It is fully remembered that the late Conway Twitty had a fulfilling career throughout his life. As proof, he charted over 50 number one songs in the Billboard charts especially in country music, pop and other music publications. His song, “Hello Darlin’,” is actually his signature song and his most known song. And then, there were others that paved his success and earned him the greatest limelight of his career.
In July 1979, Conway released “I May Never Get to Heaven,” a hit that would add up to his no. 1 hit collection. However, prior to this, the song dates way back around two decades earlier. In fact, this was originally recorded by fellow country music artist Don Gibson in 1960.
“I May Never Get to Heaven:” Conway Twitty’s 22nd No. 1 Hit
Written by good friends, Bill Anderson and Buddy Killen, “I May Never Get to Heaven” was recorded and made famous by Conway Twitty in 1979. It was the second single from his album Cross Winds. Conway co-produced it with David Barnes for MCA Records.
To note, “I May Never Get to Heaven” became Conway’s 22nd no.1 song to hit the country charts. In fact, it stayed a total of 10 weeks on the Billboard Hot Country Songs. In addition, it also peaked at no. 1 on the RPM Country Tracks in Canada.
Aside from Gibson’s and Conway’s renditions, “I May Never Get to Heaven” was also covered by other artists. Most notably, Wanda Jackson rendered hers in 1961, and Aretha Franklin in 1967.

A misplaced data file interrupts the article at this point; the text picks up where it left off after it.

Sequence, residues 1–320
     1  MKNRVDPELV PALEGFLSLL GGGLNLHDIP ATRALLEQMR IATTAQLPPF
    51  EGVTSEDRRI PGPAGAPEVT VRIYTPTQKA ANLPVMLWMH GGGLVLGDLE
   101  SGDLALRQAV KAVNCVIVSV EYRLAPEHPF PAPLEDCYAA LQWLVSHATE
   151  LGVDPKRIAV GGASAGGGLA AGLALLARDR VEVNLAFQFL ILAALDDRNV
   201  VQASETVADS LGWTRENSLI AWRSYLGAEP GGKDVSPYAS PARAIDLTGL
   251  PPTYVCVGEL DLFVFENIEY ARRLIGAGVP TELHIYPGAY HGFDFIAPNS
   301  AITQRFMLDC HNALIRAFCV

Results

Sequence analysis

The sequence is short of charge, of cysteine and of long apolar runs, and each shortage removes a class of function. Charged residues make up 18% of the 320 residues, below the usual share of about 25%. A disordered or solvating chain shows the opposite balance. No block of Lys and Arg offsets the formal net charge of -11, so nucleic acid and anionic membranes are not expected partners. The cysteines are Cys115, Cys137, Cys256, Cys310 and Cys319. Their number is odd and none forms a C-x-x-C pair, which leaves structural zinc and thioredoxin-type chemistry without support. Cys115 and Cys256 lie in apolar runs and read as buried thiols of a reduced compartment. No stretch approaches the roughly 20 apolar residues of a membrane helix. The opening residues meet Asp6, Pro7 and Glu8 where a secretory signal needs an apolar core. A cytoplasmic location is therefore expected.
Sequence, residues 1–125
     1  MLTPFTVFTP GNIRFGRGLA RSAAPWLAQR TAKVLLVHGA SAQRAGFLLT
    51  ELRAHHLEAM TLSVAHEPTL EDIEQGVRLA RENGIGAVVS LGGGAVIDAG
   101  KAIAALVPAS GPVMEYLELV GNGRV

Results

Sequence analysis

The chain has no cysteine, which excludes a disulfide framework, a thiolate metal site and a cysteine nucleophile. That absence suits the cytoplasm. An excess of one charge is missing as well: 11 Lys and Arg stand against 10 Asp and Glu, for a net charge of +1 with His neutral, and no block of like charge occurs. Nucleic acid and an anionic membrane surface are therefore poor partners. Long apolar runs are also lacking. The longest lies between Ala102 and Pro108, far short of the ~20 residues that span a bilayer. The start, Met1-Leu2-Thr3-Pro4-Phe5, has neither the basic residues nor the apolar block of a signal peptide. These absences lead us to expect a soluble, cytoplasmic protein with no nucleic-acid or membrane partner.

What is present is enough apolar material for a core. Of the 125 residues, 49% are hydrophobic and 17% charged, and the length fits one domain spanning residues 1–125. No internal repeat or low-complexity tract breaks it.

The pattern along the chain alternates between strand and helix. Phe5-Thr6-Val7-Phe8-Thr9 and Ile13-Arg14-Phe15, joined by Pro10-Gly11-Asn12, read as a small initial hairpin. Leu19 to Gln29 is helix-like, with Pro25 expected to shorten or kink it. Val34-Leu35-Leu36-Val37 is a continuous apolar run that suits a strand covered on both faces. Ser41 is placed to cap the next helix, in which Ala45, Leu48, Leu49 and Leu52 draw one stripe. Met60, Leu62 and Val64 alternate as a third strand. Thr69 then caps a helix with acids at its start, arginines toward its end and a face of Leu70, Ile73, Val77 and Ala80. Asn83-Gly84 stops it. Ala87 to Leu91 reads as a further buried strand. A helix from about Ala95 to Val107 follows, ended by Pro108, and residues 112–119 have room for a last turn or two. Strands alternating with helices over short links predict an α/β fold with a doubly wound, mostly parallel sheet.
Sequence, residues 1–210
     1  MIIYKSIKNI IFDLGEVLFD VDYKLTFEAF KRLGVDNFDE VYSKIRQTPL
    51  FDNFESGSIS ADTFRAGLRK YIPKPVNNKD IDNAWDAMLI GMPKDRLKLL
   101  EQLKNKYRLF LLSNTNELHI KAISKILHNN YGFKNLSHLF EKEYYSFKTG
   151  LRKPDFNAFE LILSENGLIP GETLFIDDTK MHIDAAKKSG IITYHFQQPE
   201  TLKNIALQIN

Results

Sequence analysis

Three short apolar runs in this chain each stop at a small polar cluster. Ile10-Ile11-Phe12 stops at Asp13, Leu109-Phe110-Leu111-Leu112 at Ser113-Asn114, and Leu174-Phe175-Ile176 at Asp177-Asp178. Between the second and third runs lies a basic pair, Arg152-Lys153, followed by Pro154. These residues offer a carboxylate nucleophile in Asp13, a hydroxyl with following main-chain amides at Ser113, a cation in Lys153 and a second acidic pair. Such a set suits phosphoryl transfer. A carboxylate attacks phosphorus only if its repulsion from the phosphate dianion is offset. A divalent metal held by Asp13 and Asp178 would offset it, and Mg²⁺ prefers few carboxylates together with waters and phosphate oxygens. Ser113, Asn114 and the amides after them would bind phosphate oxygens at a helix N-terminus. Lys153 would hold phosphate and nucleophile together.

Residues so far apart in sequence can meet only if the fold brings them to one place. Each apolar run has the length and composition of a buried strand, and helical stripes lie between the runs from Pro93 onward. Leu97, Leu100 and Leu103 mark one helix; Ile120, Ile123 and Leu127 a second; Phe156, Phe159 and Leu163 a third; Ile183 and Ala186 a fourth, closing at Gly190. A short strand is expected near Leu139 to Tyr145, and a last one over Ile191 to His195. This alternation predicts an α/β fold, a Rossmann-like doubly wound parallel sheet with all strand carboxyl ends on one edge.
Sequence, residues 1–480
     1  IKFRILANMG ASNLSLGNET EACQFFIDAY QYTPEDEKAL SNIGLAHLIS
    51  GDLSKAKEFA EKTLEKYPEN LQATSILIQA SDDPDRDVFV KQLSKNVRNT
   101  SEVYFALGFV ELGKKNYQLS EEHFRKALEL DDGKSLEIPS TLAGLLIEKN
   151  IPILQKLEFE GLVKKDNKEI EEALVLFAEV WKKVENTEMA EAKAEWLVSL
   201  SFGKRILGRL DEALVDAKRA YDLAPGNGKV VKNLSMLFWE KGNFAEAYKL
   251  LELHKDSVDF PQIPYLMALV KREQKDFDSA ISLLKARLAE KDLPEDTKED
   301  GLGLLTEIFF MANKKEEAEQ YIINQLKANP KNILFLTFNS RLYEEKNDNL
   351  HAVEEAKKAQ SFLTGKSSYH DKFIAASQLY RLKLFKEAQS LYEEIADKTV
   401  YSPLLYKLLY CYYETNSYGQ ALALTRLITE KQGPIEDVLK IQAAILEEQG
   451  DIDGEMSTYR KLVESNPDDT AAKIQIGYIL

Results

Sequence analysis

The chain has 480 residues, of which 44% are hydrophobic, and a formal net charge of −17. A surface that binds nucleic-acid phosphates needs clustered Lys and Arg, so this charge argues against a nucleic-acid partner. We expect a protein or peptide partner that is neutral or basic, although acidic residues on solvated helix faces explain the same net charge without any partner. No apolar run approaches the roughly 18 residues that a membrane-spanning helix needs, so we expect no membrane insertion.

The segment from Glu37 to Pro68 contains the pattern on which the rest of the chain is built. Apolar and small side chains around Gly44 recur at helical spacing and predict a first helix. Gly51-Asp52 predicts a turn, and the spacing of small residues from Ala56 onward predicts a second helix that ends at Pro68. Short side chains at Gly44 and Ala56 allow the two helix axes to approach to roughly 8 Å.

A Song about Anderson’s College Heartbreak
Bill Anderson, one of the songwriters, was the song’s inspiration. He came up with the song because of his breakup with his ex-girlfriend way back in college.
In an interview with Rolling Stone, Anderson revealed:
“I was living in Nashville, but I really hadn’t moved here to stay. I had to leave and go back home to Georgia and finish some college courses that I thought I had finished but I found out that I hadn’t. And I’d been dating this girl and we’d broken up and I was just sittin’ around my little one-room apartment just thinking about our relationship. That lyric was pretty much right from the heart. ‘I may never get to heaven, but I almost did one time.'”
Little did he know that his college heartbreak would soon become an all-time hit by several artists. Upon hearing the arranged melody, Don Gibson immediately owned the song and quickly recorded it. It reached no. 2 in 1960. Almost 20 years later, “I May Never Get to Heaven” made its way into the hands of Conway Twitty who soon placed it to the no. 1 spot.
LISTEN to Don Gibson’s original rendition of his 1960 recording, “I May Never Get to Heaven:”
WATCH: Conway Twitty performs “I May Never Get to Heaven” live on Hee Haw in 1979.
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